Thursday, June 14, 2018

Restore budget credibility, experts urge

Kigoma Urban MP Zitto Kabwe (ACT-Wazalendo)

Kigoma Urban MP Zitto Kabwe (ACT-Wazalendo) speaks in Parliament. PHOTO|FILE 

By Ludger Kasumuni @TheCitizenTZ lkasumuni@nationmedia.tz.com

Dar es Salaam. While the government planned to spend Sh31.7 trillion in the 2017/18 financial year, that target is unlikely to be attained at a significant level – prompting analysts to call upon the government to restore credibility to the national budget through realistic planning.

Speaking to Business Week recently, business analysts and economists voiced criticisms against the government’s tendency to repeatedly tread over the same old ground when formulating successive national budgets.

One observer – the member of Parliament for the Kigoma-Urban constituency, Mr Zitto Kabwe – said experience has shown that the national budgets that were formulated in recent years have not been realistic and otherwise credible.

To make his point, the MP said that there was a gap of 40 per cent in the FY-2016/17 national budget, as the government was able to raise only 60 per cent of the set budget of Sh22.4 trillion.

In the FY-2017/18 budget, the government had increased targeted revenue collections from Sh22.4 trillion to Sh31.7 trillion.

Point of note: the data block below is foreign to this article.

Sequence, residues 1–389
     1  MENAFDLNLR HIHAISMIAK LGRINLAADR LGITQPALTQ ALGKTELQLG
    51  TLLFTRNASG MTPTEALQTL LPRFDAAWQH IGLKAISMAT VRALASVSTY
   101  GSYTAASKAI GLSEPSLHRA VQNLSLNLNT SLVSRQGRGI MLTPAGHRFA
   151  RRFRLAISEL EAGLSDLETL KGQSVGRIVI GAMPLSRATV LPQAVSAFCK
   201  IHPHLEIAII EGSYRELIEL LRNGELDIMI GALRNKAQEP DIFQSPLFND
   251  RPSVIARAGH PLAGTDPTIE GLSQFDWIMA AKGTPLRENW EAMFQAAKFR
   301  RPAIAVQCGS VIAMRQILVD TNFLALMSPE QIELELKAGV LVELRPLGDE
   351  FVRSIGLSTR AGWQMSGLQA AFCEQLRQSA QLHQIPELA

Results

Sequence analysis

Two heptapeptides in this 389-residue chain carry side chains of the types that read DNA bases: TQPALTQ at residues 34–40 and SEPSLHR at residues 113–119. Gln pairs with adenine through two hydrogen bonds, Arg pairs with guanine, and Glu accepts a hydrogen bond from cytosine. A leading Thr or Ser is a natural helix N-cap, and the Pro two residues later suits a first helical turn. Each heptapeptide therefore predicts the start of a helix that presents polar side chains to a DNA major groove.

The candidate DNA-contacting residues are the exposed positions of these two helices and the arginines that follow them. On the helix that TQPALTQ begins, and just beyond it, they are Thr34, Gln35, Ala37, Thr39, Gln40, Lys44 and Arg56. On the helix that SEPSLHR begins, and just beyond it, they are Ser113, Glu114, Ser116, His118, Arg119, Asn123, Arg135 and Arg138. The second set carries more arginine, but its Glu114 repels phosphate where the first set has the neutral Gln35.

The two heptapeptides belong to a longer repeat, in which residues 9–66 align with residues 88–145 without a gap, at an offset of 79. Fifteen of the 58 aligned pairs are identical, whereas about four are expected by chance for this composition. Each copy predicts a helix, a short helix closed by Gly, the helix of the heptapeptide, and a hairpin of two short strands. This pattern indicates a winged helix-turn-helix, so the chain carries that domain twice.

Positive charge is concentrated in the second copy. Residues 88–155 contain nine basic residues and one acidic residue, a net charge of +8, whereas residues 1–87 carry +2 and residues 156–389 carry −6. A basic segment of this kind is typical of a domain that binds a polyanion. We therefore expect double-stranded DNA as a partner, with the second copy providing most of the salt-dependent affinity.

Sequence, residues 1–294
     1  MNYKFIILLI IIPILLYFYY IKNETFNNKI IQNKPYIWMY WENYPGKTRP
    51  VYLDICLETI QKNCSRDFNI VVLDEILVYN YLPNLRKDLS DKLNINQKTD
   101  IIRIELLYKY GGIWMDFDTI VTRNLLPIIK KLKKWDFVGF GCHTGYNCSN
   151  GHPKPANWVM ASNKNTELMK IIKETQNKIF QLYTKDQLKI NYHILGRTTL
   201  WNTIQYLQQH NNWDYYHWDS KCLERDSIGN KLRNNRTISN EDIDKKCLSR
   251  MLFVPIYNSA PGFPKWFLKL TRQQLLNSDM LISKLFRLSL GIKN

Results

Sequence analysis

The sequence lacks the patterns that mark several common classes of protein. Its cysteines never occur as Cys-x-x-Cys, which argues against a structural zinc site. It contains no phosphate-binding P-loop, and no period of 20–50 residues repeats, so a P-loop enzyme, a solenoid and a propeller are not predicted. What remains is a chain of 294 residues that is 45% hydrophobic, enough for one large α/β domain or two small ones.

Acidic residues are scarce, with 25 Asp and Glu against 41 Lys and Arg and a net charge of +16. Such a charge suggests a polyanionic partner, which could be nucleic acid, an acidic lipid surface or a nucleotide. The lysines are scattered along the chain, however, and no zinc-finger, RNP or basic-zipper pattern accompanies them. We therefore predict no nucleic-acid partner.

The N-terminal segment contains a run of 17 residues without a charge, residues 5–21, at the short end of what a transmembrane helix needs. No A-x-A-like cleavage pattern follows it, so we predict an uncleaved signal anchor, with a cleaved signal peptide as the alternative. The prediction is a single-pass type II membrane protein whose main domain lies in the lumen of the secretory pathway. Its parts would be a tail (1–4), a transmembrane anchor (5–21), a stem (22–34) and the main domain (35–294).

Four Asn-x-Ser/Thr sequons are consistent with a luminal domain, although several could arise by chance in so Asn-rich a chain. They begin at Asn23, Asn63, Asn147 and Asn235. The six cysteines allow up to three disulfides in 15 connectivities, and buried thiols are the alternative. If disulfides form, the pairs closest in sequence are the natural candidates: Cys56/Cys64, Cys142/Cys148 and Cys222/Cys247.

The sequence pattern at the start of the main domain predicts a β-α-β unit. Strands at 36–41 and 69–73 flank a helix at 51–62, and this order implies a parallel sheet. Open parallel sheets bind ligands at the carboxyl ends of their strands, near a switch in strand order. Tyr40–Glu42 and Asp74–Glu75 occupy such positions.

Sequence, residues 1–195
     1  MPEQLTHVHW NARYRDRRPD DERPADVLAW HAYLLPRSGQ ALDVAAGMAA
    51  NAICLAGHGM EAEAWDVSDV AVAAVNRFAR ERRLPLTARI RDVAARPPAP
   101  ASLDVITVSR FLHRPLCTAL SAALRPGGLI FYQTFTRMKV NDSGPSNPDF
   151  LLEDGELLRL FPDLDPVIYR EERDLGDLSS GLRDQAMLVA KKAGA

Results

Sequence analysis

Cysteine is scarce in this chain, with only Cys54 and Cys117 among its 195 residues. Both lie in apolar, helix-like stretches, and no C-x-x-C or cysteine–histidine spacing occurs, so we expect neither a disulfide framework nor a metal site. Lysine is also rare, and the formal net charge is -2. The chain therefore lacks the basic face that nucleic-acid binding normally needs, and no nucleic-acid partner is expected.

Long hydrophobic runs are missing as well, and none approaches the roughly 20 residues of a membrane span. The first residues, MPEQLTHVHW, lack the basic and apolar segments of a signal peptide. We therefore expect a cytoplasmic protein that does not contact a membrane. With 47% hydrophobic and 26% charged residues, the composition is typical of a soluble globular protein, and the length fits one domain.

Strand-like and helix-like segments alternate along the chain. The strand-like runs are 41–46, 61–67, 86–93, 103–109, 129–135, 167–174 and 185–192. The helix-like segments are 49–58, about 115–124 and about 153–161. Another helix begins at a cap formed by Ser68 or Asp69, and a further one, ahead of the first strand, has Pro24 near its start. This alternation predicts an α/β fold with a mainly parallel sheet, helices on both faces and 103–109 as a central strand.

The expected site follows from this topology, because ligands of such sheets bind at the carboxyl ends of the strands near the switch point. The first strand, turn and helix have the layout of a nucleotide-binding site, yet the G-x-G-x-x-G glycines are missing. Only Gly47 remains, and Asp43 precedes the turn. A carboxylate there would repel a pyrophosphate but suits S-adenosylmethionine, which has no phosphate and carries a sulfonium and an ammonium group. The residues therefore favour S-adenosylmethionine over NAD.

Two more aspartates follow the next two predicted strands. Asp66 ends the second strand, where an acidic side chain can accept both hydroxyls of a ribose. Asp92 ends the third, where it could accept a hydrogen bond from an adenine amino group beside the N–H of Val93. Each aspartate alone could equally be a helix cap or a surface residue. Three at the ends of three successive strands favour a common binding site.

But it ended up collecting only 75 per cent of the projected amount! “We need to make the national budget realistic.

I am happy that the government has realised that embarrassing shortcoming – and has this time made the small increase of 2.5 per cent over the previous year’s budget,” Mr Kabwe stated.

According to him, implementation of local government budgets is worse than what takes place at the central government level. “I have been attending budget sessions at my constituency in Kigoma.

Usually there are complaints that most of the projects budgeted for have not been implemented because the budgeted funds are not forthcoming,” he said.

In most cases, local government budgets face a shortage of otherwise budgeted funds by anything up to 60 per cent, the MP lamented.

An independent financial analyst, Mr Ngamela Ndibalema, told Business Week that the problem of formulating incredible budgets is not of the current regime alone. The problem has been there since four decades ago, he asserted.

“Government budgets should be supported by strict rules so that they are formulated in accordance with the demands of the moment, of the citizens. If a budget does not correspond with the amount spent, it is not only unrealistic; it is also not credible,” said Mr Ndibalema.

In presenting the findings on an ‘Open Budget Survey’ for Tanzania, an economics researcher, Mr Godfrey Bonaventura, said the country’s national budget has never been realistic because most of the implemented projects are nearly always never assessed by the legislators.

That notwithstanding, however, the minister for Finance, Dr Philip Mpango, has already given the highlights for the FY-2018/19 budget, whereby the government projects to spend Sh32.4 trillion.

Some Sh22 trillion of the projected revenue – which is 68 per cent of the total budget – is projected to come from domestic sources, the Finance minister revealed.

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